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Archive for the ‘Health’ Category

Where Do We Go From Here? 2017 in Review, Honest Look at 2018

Here we are nearing the end of 2017, and if you’re reading this, congratulations:

You’ve survived.

Surviving this year took a lot out of me. Like many of you, I feel tired and beaten down, consumed by anxiety by the government’s continued totalitarian direction. It turns out that being ruled by someone who is clearly cognitively impaired is pretty stressful. That’s the overall context for me this year.


Maybe that’s why 2017, for me, felt so much like a year in which I was barely able to do the minimum I needed to in order to survive. From the outside, it was an amazing year of travel. I was Guest of Honor at Swecon in May, went to the Hugos in Finland in July, survived a Florida hurricane with my family in September, did a client conference in Anaheim in October, and saw my sister-from-another-mister in ABQ in November.

But every one of those trips took a toll, not just financially, but also emotionally. Traveling is stressful. My spouse insisted we do the Hugos; it’s important to my career, but man, that trip just about wrecked us. The Florida trip? My family lives on the west coast, and I hadn’t seen them in more than two years. When I finally buckled down and paid the down payment, I got a really nice note from my dad saying how much it meant to him to see me. My parents are getting older, and my dad, in particular, is not in great shape. I worried I might not have much more time to spend with them.

I ended up cutting several career-related trips in order to make the family trips work: I didn’t do Gencon this year. I backed out of several appearances and deadlines. The year tried to swallow me whole.

The Work

THE STARS ARE LEGION came out in February. Yes, that was THIS year. I had to literally look up the date because it felt so LONG ago. It feels like we have survived SIXTEEN WARS SINCE THEN. Even as I typed that I thought, THAT CAN’T BE RIGHT IT MUST HAVE BEEN A YEAR AGO. The book did well, and people seemed to love it. So, I’ll take that as a win.

But there were a lot of setbacks, too, some I shared, and some I didn’t. I wrote 90k of THE BROKEN HEAVENS that… just wasn’t working. My agent and I decided to table it and get started on writing THE LIGHT BRIGADE, my next contracted book, instead so we don’t miss that deadline too. tLB is due in February and… whew. We’ll see. Every time I open up the manuscript I feel this wave of despair come over me, this DON’T FUCK THIS UP HURLEY OR YOU WILL BE A LOSER voice, and yeah… it’s hard to make words.

That means this is the first year in some time that I haven’t completed and turned in a book. That said, we were able to fill the gap next year with Apocalypse Nyx, a collection of novellas from my GOD’S WAR trilogy. Sometimes you have to forgive yourself and just move on and make the most with what you have. It’s been a shit year for many of us.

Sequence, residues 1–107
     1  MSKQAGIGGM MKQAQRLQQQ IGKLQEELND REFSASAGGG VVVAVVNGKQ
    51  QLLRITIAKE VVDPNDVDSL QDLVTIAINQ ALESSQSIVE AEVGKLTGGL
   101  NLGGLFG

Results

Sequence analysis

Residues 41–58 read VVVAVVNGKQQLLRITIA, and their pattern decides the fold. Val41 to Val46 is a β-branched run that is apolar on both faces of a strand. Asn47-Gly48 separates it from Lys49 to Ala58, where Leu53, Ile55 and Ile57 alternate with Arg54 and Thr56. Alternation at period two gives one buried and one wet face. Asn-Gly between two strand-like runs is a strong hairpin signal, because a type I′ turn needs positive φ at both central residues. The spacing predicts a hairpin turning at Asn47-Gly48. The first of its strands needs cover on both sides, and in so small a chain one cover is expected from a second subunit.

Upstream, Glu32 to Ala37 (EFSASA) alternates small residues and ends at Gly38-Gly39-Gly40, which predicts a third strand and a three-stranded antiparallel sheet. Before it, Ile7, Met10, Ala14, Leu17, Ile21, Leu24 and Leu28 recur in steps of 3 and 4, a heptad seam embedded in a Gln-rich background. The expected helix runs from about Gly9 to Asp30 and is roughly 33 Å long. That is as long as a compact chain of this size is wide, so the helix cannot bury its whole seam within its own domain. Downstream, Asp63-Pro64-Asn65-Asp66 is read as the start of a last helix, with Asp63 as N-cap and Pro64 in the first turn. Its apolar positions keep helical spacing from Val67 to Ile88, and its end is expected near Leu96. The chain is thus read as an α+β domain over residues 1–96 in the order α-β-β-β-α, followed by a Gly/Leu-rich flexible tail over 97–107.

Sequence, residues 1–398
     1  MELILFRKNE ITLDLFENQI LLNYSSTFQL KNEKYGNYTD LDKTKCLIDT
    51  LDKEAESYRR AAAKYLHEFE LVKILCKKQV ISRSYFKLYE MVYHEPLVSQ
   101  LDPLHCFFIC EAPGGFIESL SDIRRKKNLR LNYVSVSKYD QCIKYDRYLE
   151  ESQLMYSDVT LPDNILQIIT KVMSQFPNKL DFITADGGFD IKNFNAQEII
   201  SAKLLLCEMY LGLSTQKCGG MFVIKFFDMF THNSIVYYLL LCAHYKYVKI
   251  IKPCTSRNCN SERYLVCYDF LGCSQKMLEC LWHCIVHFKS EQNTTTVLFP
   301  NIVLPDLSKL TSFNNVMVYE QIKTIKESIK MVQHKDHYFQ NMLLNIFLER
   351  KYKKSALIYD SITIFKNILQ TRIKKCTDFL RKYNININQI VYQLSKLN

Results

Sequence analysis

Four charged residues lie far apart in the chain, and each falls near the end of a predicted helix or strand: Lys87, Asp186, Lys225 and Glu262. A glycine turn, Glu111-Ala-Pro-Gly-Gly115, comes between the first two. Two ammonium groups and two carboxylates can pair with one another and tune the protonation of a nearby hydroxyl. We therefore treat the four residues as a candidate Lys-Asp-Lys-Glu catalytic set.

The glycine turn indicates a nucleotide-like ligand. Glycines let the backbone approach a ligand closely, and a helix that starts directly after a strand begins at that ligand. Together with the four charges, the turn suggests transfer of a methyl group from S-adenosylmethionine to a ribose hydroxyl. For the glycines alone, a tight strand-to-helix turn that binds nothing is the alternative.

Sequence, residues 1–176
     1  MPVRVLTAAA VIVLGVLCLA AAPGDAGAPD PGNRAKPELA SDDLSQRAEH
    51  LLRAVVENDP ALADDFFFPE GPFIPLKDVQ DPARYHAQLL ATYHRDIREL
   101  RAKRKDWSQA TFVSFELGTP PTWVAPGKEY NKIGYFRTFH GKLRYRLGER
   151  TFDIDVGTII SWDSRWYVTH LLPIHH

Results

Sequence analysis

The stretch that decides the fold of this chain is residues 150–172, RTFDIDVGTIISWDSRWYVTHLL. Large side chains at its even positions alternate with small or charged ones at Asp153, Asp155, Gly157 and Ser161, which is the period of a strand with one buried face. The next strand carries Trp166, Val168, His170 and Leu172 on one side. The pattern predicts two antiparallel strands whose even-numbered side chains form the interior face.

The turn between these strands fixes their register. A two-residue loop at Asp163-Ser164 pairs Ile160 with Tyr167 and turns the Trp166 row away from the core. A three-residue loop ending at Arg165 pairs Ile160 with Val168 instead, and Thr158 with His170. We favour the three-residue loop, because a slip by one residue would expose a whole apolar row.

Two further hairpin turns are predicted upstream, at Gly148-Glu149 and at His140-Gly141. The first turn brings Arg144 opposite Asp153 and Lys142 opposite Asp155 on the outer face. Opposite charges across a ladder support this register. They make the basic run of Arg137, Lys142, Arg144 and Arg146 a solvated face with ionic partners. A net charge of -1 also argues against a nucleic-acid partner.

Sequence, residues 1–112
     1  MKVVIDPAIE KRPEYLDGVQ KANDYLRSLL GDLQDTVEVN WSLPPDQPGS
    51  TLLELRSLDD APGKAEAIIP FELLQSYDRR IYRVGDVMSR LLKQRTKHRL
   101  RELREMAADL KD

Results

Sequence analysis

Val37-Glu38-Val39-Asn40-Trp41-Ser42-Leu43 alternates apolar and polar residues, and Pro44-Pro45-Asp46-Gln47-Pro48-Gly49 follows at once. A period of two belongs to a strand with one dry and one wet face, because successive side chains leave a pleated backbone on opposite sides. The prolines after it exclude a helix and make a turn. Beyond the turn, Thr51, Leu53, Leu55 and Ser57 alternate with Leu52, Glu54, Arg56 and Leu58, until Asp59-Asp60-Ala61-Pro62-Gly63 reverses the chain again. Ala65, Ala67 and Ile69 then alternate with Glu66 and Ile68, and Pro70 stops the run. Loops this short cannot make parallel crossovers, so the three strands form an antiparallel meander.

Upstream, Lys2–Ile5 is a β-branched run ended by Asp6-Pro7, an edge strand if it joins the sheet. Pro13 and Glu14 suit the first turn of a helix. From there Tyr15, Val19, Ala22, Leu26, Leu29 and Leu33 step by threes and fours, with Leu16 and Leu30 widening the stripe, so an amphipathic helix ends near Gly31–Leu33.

When it comes to short fiction, however, I killed it this year. I will have completed 12 stories this year for Patreon subscribers, one each month. Those stories are:

What I like about completing so much work is that there are many avenues in which I can sell it. Story collections to publishers, audio rights to various audio publishers, sales as Kindle singles, and H-wood money on occasion for options and etc. There’s lots that can be done with them. Which makes a nice segue to…

Patreon, and Diversifying Income

So Patreon recently screwed up by charging massive fee increases to those pledging at lower levels (a 40% increase to backers at the $1 level). It caused a huge bleed off from patrons (rightly so) and made me decide it’s time to look for other avenues for creating content. I’ve come to rely on Patreon not only for the income, but for the fact that because I’m so money motivated, it induces me to CREATE stuff, even during this terrible year where I mostly just wanted to lay in bed with my dogs and never get up again.

Kickstarter has a competitor, Drip, that will be launching publicly early next year. It’s also possible that I can do something that’s fully integrated into my website (which I’d prefer!). So that’s on my list for January, once we see how things shake out. Overall, I know I need to put more effort into consolidating all of my stuff onto my own website. I want fan forums, a public wiki, all sorts of things. I am also looking into merchandising for next year, something I haven’t done anything seriously with.

This is also the first year a got a small amount of money from H-wood, though nothing to get excited about. Just deepening interest in shopping my work, which is great. I finally got to sign a piece of paperwork this year. Amaze.

I also launched an Etsy store for select paintings and signed books. That said, I haven’t put much time and effort into stocking and promoting that venue, and looking at 2018… I need to get serious about that shop if I’m going to make life work.

Health Considerations